If a diagnostic workup is suspicious for cancer, then an additional skill set is involved: the art of delivering bad news. This requires a more comprehensive discussion beyond the scope of this article, but can be accessed in more detail in specific treatises by others and me.1-3 However, some comment regarding the basic rules that apply here is in order. First, the discussion with the patient should always take place in a more private area, in which I allow no interruptions from outside. I try to include other family members or friends in the discussion to offer additional support, and to function as “active listeners” who can recount the salient points to the patient later on, in the likely event that the patient’s fear and anxiety prevented her from absorbing the information at the time. I always try to have all the follow-up appointment information available for the patient before beginning the discussion. During the discussion, I try to give gentle yet firm guidance to the patient regarding my choice of action, assuring her that my advice is the same that I would give to my own family member. Patients want and need that personal connection and assurance during this difficult encounter.

After delivering the news, I allow a period of silence, and then ask the patient and/or her friends or family members if they have any questions. Should they have any, I try to be a good listener, never interrupting as they express their concerns. I always attempt to put a positive spin on the findings and expected consequences, painting the best picture I can. However, I do use the word “cancer” at some time during the discussion, to act as a “warning shot” that this is still a possibility. At the same time, I make every effort to give the patient hope. If indeed she does have breast cancer, she will need these words of encouragement to survive the arduous and frightening course of treatment ahead. It is amazing to me how many cancer patients come back and tell me that I was the only one in their entire treatment course who ever told them that they were going to be alright, and how grateful they were to me for those words.

Once the biopsy results are available, I now have the choice of giving her the news in person, over the phone, or through a third party. If the biopsy results are benign, then I often choose to have a trusted and well-trained assistant contact the patient, or will do so myself. If the results are malignant, then I must be the one to contact her. This is easiest to do in person, especially for the most anxious patients, following the same basic tenets covered above. I contact most patients by phone instead. Surprisingly, I have been very successful with this approach, but only if I talk directly to the patient and not to her answering machine.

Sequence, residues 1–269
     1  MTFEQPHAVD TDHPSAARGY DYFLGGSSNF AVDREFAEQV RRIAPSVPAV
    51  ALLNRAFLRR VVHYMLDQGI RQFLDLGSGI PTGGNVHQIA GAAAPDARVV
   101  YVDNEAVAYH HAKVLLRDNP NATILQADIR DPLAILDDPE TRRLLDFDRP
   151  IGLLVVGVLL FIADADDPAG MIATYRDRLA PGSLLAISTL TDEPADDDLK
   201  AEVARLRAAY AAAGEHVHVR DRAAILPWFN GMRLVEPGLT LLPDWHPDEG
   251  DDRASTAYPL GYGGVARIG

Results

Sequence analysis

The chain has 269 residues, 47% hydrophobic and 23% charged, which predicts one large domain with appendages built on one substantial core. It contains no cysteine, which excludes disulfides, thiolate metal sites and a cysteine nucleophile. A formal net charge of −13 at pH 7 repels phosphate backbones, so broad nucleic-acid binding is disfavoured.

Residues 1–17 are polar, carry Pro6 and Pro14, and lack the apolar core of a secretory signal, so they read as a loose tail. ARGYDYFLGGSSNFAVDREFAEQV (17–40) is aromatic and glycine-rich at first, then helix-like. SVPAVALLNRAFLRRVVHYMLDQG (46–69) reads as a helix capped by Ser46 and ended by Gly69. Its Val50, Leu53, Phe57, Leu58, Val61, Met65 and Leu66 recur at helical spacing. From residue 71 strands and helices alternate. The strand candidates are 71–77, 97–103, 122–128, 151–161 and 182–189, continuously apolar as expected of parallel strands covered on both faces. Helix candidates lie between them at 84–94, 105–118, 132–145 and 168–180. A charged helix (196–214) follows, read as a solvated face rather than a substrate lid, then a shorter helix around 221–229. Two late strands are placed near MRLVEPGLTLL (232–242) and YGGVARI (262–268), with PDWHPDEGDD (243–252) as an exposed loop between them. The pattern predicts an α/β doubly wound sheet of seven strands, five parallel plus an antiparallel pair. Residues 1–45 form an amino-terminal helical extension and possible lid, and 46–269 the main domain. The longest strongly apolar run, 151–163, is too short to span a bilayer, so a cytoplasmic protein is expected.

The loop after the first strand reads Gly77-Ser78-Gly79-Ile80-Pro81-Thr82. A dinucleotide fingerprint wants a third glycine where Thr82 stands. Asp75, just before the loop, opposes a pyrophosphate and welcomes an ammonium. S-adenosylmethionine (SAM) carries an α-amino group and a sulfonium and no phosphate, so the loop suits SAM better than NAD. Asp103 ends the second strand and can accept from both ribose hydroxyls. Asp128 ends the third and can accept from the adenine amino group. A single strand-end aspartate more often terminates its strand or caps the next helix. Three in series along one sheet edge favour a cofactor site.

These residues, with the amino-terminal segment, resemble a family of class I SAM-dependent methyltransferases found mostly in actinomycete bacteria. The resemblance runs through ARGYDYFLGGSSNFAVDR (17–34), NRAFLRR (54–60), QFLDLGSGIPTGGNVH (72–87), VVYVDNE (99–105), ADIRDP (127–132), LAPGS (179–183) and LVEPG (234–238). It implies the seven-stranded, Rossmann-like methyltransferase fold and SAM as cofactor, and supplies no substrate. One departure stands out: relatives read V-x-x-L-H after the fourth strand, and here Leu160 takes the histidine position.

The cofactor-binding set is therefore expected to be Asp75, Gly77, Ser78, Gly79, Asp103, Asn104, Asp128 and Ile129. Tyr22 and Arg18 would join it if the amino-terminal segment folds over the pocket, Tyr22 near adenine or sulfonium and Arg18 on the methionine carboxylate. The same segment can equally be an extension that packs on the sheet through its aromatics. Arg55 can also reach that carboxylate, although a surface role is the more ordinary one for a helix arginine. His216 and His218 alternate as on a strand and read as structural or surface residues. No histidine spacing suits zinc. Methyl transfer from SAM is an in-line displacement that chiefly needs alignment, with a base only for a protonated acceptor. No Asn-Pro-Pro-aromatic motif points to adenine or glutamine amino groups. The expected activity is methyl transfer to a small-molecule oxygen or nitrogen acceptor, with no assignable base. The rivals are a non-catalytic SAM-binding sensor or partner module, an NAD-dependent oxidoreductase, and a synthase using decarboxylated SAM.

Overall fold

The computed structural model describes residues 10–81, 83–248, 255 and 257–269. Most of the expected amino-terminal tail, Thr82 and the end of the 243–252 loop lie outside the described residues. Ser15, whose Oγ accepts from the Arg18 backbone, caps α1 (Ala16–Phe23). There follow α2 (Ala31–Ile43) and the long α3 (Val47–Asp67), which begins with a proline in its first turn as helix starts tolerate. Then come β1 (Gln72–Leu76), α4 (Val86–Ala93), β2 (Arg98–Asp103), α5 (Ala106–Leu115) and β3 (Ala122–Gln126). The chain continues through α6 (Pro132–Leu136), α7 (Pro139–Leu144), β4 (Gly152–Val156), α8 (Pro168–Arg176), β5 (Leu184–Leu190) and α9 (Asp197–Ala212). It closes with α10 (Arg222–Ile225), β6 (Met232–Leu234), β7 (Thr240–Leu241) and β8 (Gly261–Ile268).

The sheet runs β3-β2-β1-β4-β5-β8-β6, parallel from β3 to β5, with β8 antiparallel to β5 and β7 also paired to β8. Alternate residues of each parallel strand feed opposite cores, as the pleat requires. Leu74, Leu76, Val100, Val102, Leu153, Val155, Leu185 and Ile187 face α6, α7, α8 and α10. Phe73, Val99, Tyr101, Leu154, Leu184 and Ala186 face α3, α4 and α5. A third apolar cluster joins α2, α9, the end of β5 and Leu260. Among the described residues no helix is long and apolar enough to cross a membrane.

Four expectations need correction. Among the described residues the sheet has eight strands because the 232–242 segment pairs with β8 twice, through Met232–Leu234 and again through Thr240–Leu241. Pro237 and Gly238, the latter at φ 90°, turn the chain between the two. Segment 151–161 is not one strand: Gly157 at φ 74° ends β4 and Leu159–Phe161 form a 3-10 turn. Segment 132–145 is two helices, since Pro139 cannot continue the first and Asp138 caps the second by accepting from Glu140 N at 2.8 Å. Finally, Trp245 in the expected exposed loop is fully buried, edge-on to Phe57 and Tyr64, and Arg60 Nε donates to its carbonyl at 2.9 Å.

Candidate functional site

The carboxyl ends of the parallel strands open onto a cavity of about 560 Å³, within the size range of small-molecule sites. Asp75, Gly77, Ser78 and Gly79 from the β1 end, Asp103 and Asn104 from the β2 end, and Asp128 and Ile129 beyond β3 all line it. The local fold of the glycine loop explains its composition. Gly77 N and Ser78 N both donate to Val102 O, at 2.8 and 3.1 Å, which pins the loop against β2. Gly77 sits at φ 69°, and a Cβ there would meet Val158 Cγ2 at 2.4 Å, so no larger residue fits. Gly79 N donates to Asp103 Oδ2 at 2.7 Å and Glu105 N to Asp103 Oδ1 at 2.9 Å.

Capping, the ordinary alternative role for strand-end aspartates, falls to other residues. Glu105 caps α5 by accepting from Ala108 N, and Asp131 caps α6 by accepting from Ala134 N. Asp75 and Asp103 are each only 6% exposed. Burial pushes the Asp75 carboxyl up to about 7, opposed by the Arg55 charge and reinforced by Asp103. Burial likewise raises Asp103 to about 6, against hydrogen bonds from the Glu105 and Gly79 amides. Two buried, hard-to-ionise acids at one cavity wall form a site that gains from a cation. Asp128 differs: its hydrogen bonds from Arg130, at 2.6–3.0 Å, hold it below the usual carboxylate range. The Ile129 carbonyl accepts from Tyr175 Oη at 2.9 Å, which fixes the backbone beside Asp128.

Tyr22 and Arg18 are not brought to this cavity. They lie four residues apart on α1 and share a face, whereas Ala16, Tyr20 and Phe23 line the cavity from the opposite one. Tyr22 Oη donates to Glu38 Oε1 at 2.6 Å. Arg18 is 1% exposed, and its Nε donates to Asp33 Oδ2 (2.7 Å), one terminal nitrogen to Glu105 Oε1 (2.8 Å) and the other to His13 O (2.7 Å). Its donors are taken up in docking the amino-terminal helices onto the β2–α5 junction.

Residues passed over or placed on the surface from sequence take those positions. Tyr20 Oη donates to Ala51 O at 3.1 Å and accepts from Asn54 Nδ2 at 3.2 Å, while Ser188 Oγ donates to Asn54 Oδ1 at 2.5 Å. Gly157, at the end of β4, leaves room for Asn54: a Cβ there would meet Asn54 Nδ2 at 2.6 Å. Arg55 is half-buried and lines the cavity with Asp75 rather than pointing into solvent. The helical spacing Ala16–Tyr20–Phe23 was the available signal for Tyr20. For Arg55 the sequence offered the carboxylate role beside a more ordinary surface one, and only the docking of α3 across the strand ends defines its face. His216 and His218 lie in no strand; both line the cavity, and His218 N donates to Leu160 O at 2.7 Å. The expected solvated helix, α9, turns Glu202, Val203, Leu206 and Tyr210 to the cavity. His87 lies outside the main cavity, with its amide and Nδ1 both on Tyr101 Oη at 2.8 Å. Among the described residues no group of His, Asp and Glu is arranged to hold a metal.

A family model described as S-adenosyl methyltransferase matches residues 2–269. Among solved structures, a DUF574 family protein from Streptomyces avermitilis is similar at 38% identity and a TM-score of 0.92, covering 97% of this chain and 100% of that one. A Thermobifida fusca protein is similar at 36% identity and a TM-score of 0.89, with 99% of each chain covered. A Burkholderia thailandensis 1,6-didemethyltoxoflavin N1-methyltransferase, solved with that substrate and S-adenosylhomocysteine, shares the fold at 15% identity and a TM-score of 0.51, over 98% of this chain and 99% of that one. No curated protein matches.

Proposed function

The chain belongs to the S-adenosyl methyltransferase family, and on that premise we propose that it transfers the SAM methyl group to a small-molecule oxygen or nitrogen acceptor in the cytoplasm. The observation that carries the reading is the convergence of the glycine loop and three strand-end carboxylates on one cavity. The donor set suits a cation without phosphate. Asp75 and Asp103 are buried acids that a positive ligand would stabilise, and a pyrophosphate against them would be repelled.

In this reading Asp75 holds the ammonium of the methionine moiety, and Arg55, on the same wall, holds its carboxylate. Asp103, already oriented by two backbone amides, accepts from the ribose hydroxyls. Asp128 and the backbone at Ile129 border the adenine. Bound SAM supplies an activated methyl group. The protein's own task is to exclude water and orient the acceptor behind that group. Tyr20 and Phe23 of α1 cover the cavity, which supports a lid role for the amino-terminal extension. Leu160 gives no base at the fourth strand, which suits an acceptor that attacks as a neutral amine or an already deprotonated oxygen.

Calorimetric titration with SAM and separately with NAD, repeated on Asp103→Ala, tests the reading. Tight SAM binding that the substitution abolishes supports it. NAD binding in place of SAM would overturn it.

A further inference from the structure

Talking with patients does take extra time, but if done well and with caring and compassion, the rewards are invaluable, and potentially life-changing: if the patient’s experience with you is a bad one, she may never come back. If, on the other hand, her experience with you is a good one, you may be saving not only her life, but potentially those of the many friends and family members she will tell about her positive experience.

In summary, make every effort to follow these five key rules:

-Remember the three A’s: affability is far and away the most important!

-Dress and act like a professional.

-Treat every patient with the dignity, respect, and kindness that she expects, and that she deserves.

-Every patient thinks she has breast cancer. Therefore, do everything possible to relieve her anxiety. Always stress the positive!

-The patient hears very little of what you tell her. Therefore, leave the door open for future communication.

Every day I am inspired by the quiet courage and strength of my patients—they remain my best teachers. But the words of Leo Buscaglia, the first true motivational speaker, inspire me equally so: “Too often we underestimate the power of a touch, a smile, a kind word, a listening ear, an honest compliment, or the smallest act of caring, all of which have the potential to turn a life around.”

Michael N. Linver, MD, FACR, is Director of Mammography, X-Ray Associates of New Mexico, PC, and Clinical Professor of Radiology, University of New Mexico School of Medicine, Albuquerque.

  1. Linver MN. Delivering bad news: a vital skill for professionals involved in breast cancer care. Breast Cancer Online. 2009;12(2):3-6.
  2. Harvey JA, Cohen MA, Brenin DR, Nicholson BT, Adams RB. Breaking bad news: a primer for radiologists in breast imaging. J Am Coll Radiol. 2007;4:800-808.
  3. Buckman R. How to Break Bad News: A Guide for Health Care Professionals. Baltimore: Johns Hopkins University Press; 1992.